Acute Communicable
Disease Control

Contact Information
County of Los Angeles
Department of Public Health
Acute Communicable Disease Control
313 N. Figueroa Street, #212
Los Angeles, CA 90012
Phone: (213) 240-7941
Fax: (213) 482-4856

Call 211 For Information 24/7

Have questions about things like where to go for vaccinations or other health care services?

Call 2-1-1.

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Acute Communicable Disease Control
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Vitamin Infusions
Key Points:
  • This procedure must be performed by a doctor, nurse, or physician assistant
  • Vitamins can be harmful in excess
  • Make sure you are in a clean and safe environment

What is it?

Vitamin infusions are a method of administering vitamins and minerals directly into the bloodstream. Intravenous (IV) nutrients are used in hospitals for patients who are too sick to eat or in the treatment of a severe nutrient deficiency involving a particular nutrient.

Who can perform it?
Any injection into your bloodstream MUST be performed by a doctor, or a registered nurse (RN) or physician’s assistant (PA) under the supervision of a doctor. Additionally, you should be assessed prior to the injection, including blood tests.

Vitamins and minerals can be harmful in excess; thus, the amount given needs to be carefully assessed and monitored by use of appropriate blood tests. People using IV vitamin therapy could be unknowingly receiving excess nutrients which could have health implications, particularly if someone were to have these IV nutrient injections on a regular basis. Injecting anything into the blood stream also comes with risks such as ‘air bubbles’ in the syringe that can transfer to the bloodstream, allergic reactions, and bloodstream infections, which are more likely to occur if the person administering the injection is not properly qualified.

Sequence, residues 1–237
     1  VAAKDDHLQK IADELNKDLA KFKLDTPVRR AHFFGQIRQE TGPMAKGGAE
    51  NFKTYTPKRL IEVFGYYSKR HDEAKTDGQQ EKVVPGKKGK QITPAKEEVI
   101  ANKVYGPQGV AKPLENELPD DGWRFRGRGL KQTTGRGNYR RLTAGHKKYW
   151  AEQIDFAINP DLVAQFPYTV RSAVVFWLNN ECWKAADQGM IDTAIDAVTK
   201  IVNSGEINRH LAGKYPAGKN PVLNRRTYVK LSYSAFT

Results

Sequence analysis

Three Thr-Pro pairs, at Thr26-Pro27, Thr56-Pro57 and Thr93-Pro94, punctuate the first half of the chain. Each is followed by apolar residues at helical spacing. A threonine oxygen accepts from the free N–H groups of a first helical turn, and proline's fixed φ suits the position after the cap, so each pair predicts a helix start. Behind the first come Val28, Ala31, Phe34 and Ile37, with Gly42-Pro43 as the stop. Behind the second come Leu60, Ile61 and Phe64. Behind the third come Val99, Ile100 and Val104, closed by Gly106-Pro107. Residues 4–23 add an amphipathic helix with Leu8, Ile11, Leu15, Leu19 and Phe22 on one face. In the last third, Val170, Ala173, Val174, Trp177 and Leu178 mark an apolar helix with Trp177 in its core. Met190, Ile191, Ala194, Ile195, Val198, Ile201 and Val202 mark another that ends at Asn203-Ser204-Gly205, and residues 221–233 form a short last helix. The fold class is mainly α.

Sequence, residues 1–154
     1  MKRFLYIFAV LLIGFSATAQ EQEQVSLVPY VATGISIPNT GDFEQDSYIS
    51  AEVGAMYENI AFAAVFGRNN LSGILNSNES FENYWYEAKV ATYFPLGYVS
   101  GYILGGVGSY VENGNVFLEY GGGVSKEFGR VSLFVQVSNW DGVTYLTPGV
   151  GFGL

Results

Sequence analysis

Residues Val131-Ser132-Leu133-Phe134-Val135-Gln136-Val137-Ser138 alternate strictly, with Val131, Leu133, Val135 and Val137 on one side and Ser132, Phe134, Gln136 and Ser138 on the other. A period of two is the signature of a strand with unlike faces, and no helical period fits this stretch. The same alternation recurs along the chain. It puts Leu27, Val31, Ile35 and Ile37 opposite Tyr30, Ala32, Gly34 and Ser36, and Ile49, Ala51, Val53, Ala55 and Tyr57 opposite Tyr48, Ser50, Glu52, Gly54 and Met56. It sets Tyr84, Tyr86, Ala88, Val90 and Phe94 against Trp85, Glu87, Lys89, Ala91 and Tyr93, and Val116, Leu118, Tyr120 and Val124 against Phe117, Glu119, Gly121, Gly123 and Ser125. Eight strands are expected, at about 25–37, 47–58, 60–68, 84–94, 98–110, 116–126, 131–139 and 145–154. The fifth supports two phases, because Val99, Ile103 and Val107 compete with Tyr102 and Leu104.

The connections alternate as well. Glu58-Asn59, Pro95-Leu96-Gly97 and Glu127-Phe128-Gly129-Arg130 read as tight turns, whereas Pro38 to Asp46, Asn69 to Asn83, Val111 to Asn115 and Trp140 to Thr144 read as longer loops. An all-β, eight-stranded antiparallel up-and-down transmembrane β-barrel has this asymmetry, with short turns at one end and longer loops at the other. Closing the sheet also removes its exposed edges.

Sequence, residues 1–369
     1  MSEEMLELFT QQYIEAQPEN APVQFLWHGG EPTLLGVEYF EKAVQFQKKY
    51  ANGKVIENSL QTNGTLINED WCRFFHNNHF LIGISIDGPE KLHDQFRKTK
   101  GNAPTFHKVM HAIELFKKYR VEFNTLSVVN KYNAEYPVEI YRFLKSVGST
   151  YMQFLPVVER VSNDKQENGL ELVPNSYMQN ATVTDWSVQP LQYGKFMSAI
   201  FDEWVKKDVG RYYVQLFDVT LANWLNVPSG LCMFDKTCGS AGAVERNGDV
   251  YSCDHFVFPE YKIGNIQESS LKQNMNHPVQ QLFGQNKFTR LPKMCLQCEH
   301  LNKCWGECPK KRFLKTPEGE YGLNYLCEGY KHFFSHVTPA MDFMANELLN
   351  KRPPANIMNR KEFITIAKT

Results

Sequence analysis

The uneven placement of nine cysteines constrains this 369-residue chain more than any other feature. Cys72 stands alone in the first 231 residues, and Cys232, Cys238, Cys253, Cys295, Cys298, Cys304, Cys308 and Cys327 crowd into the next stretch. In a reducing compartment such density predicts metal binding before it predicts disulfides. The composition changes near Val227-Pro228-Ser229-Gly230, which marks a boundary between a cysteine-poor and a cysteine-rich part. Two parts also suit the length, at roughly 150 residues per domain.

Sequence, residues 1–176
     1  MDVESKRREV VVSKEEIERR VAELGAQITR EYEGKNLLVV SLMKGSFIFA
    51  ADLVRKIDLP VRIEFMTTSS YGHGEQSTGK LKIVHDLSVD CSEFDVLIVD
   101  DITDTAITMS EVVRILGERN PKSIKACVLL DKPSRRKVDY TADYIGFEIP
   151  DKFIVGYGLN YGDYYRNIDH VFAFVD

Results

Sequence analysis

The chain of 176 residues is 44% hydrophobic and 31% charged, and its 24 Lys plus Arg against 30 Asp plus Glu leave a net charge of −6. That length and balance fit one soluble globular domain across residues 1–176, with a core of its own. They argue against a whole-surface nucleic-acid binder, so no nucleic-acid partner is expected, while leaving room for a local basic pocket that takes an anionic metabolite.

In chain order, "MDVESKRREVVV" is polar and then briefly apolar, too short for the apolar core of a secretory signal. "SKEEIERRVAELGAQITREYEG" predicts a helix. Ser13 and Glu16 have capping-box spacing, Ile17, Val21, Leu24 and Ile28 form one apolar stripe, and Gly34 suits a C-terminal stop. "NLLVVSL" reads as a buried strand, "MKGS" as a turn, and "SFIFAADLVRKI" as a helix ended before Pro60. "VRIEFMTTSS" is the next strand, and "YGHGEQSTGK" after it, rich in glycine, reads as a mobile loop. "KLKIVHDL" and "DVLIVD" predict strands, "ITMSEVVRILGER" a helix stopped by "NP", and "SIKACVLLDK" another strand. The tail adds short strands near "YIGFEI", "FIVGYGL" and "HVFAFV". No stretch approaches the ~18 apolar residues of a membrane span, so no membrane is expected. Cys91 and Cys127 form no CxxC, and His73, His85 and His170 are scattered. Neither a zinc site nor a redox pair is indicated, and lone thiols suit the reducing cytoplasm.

Furthermore, any injectable should be administered in an appropriate setting using sterile instruments. While these infusions are often offered at malls and private homes, these are not medical environments and may be unsanitary, leaving you vulnerable to infections.



Public Health has made reasonable efforts to provide accurate translation. However, no computerized translation is perfect and is not intended to replace traditional translation methods. If questions arise concerning the accuracy of the information, please refer to the English edition of the website, which is the official version.
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